Did Obama Love Drones Too Much?
Does the United States fully understand what it has wrought through the use of armed drones?
- Obama was indicating he possesses Zeus-like power to hurl thunderbolts from the sky and obliterate anyone.
- For Muslim tribesmen, who aren't generally terrorists, this manner of combat is dishonorable and sacrilegious.
- U.S. debate over drones rests on its merits as an effective killing machine — rather than on human or emotional costs.
“The Jonas Brothers are here. They’re out there somewhere,” a smiling and confident President Barack Obama told the expectant and glittering audience attending the White House Correspondents’ Dinner in Washington on May 1, 2010.
“Sasha and Malia are huge fans, but boys, don’t get any ideas. I have two words for you: ‘predator drones.’ You will never see it coming. You think I’m joking?”
Obama’s banter may have seemed tasteless, given that he had just been awarded the Nobel Peace Prize, but this was not a Freudian slip.
The president was indicating he possessed Zeus-like power to hurl thunderbolts from the sky and obliterate anyone with impunity, even an American pop group.
One report said he had a “love” of drones, noting that by 2011 their use had accelerated exponentially. It was also revealed that Obama had a secret “kill list.”
Having read Saint Augustine and Saint Thomas Aquinas, and their ideas of the “just war” and “natural law,” which promote doing good and avoiding evil, did not deter Obama from a routine of going down the list to select names and “nominate” them, to use the official euphemism, for assassination.
Harrison Akins of American University reads an excerpt from The Thistle and the Drone at the Brookings Institution in Washington, D.C.
I wondered whether the learned selectors of the Nobel Peace Prize had begun to have second thoughts.
As its use increased, the drone became a symbol of America’s war on terror. Its main targets appeared to be Muslim tribal groups living in Afghanistan, Pakistan, Yemen, and Somalia.
Incessant and concentrated strikes were directed at what was considered the “ground zero” of the war on terror, Waziristan, in the Tribal Areas of Pakistan.
There were also reports, however, of U.S. drones being used against other Muslim tribal groups like the Kurds in Turkey and the Tausug in the Philippines, and also by the United Kingdom against the Pukhtun tribes of Afghanistan, by France in northern Mali against the Tuareg, and even by Israel in Gaza.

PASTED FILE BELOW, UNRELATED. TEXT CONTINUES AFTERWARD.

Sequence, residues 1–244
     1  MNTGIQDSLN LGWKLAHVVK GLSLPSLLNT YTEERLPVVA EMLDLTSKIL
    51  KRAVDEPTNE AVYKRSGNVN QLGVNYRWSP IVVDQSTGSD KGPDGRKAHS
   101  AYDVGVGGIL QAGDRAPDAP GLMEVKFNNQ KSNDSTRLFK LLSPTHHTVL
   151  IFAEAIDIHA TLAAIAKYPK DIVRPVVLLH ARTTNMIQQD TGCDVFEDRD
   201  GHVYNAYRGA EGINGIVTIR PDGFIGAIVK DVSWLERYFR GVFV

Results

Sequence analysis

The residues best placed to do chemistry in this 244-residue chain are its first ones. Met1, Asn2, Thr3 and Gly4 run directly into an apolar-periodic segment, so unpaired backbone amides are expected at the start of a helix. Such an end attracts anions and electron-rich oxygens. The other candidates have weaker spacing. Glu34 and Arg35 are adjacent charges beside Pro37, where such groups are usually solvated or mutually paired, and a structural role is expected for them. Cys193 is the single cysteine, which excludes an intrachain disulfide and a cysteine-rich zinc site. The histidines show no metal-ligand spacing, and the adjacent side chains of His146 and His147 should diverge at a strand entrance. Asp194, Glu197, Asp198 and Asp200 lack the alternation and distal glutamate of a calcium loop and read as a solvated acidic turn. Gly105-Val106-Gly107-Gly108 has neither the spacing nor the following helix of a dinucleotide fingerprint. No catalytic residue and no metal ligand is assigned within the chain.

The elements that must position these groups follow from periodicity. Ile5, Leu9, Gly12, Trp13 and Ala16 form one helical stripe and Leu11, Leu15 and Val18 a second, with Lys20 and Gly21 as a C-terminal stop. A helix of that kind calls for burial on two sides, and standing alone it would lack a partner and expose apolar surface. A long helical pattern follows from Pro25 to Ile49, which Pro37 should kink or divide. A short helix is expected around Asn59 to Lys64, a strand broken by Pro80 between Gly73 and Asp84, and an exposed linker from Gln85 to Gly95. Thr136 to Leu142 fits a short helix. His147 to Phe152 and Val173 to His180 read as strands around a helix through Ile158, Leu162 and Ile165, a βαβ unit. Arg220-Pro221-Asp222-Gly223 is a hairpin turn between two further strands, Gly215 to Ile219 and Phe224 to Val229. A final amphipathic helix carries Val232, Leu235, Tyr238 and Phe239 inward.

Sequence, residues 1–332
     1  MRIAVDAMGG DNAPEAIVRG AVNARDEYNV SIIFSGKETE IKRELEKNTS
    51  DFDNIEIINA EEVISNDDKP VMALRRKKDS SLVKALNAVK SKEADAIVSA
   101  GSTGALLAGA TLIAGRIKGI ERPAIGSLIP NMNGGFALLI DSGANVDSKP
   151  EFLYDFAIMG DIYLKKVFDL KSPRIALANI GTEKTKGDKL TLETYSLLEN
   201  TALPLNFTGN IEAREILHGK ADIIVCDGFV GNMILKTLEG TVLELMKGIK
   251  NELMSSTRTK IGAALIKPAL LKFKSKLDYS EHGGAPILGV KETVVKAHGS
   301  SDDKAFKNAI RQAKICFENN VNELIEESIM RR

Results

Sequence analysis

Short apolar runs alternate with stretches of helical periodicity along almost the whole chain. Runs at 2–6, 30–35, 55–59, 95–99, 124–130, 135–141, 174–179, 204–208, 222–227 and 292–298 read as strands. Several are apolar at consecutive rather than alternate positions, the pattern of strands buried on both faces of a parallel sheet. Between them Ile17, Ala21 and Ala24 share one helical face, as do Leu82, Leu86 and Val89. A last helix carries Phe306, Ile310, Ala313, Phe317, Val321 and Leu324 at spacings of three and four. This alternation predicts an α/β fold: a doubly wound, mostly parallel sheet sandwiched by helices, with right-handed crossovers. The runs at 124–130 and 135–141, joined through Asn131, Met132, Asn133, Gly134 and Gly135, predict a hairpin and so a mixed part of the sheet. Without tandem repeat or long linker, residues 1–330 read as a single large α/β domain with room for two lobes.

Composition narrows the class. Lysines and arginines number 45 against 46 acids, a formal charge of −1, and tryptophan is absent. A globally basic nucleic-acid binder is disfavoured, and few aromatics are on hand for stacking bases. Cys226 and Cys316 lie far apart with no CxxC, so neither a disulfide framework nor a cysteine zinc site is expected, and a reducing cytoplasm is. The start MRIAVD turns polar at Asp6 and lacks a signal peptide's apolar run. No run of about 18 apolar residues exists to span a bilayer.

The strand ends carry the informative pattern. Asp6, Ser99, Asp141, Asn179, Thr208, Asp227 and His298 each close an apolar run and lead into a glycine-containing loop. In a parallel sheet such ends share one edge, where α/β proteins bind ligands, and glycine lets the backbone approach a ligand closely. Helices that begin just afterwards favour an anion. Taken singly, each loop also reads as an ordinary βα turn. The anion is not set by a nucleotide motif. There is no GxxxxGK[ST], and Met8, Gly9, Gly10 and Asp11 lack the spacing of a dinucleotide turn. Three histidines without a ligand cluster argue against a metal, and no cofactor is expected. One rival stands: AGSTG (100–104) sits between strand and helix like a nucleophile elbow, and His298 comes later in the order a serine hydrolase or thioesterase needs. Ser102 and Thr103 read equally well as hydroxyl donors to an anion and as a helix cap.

These communities — some of the most impoverished and isolated in the world, with identities that are centuries old — had become the targets of the twenty-first century’s most advanced kill technology.
The drone embodied the weaponry of globalization: high-tech in performance, sleek in appearance, and global in reach.
It was mysterious, distant, deadly, and notoriously devoid of human presence. Its message of destruction resounded in its names: Predator and Reaper.
For its Muslim targets, the UAV, or unmanned aerial vehicle (its official title), had an alliterative quality — it meant death, destruction, disinformation, deceit, and despair.
Flying at 50,000 feet above ground, and therefore out of sight of its intended victims, the drone could hover overhead unblinkingly for twenty-four hours, with little escaping its scrutiny before it struck.
For a Muslim tribesman, this manner of combat not only was dishonorable but also smacked of sacrilege.
By appropriating the powers of God through the drone, in its capacity to see and not be seen and deliver death without warning, trial, or judgment, Americans were by definition blasphemous.
In the United States, however, the drone was increasingly viewed as an absolutely vital weapon in fighting terrorism and keeping America safe. Support for it demonstrated patriotism, and opposition exposed one’s anti-Americanism.
Thus the debate surrounding the drone rested on its merits as a precisely effective killing machine rather than the human or emotional costs it inflicted.
Drone strikes meant mass terror in entire societies across the world, yet little effort was made on the part of the perpetrators to calculate the political and psychological fallout, let alone assess the morality of public assassinations or the killing of innocent men, women, and children.
Even those who rushed to rescue drone victims were considered legitimate targets of a follow-up strike.
Americans did not seem concerned at the time that they were creating dangerous precedents for other countries.
Editor’s note: This article is adapted from The Thistle and the Drone: How America’s War on Terror Became a Global War on Tribal Islam (Brookings) by Akbar Ahmed. Published by arrangement with the author and the Brookings Institution Press. Copyright © 2013 by Akbar Ahmed.